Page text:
When I’m traveling, I love to combine authenticity with extravagance. On a trip to Fiji, I took a 50-minute jet hop to Sumba, an Indonesian island where men still carry machetes—though no longer for headhunting, just for cracking coconuts. Here, locals live exactly as their ancestors did, often with their animals in wooden houses on stilts.

There is only one luxury resort on the island, Nihiwatu, where each guest has a personal moriuma (much more than a butler) who anticipates his or her every move. Jenny planned my activities and meals, handed me a fluffy towel after each swim, and guided me to ancient Sumbanese villages and on hikes to hidden swimming holes. The food was gourmet, yet I could dine barefoot beneath the stars as the ocean lapped peacefully a few feet away.

While Nihiwatu was my most luxurious trip, my most memorable one was to Bhutan, a tiny country wedged in between India and China. I say “memorable” because while more than 12 years have passed since I went there, I can still see the rosy-cheeked mothers leading their toddlers up a mountain trail on ponies or yaks and the groups of uniformed schoolchildren who raced after me to touch my clothes and perform a private concert of every song they knew.

“While I can’t recall the color of my posh suite or the delicious Moroccan food I ate, I will forever remember the joyous shrieks and huge smiles of those two Berber women.”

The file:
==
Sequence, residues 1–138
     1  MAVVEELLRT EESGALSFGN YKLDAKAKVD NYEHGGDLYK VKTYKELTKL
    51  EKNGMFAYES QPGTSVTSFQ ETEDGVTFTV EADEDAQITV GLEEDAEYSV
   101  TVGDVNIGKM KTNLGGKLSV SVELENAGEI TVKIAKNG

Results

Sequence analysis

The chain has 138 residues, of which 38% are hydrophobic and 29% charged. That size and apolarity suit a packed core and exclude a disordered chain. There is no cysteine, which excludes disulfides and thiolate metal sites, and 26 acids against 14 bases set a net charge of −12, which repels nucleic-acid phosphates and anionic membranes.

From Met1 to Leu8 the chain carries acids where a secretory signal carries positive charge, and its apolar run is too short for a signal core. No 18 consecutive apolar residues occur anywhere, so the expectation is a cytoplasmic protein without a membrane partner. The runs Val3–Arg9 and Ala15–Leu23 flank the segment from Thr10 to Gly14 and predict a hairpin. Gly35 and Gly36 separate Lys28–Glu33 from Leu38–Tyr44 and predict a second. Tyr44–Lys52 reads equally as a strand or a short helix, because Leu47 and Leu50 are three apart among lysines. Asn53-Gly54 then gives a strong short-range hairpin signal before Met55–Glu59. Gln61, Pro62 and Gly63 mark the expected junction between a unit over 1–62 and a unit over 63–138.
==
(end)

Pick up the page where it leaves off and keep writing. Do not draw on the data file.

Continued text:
A close runner-up for most memorable is Papua, New Guinea, which is easily accessible by ship but attracts few tourists. My Coral Cruise ship towed a smaller vessel that could pull up right onto the sand at each island. At each landing, the locals put on a “sing-sing,” a song-and-dance exhibition that they performed in their native dress with painted faces, bare breasts, and grass skirts. On one island whose inhabitants were once cannibals, the chief looked at me fiercely as I disembarked the boat. I took a step back as he said, “We used to eat you, but now we greet you.” Then he broke into a big toothy grin.

There are some countries whose politics I hate, but I visit them anyway because I know that anything I buy from locals will go directly into their pockets. Tibet was disappointing because the Chinese have destroyed so many monasteries and nunneries and have built tinted blue glass buildings where they don’t belong. I went there to climb to Advanced Base Camp on the north face of Mt. Everest. On the way back to Katmandu, I stopped at a Tibetan Refugee Center. An older woman working at a loom said, “Please tell everyone at home and on the internet to tell the Chinese we wish them no harm, but please tell them to go home.”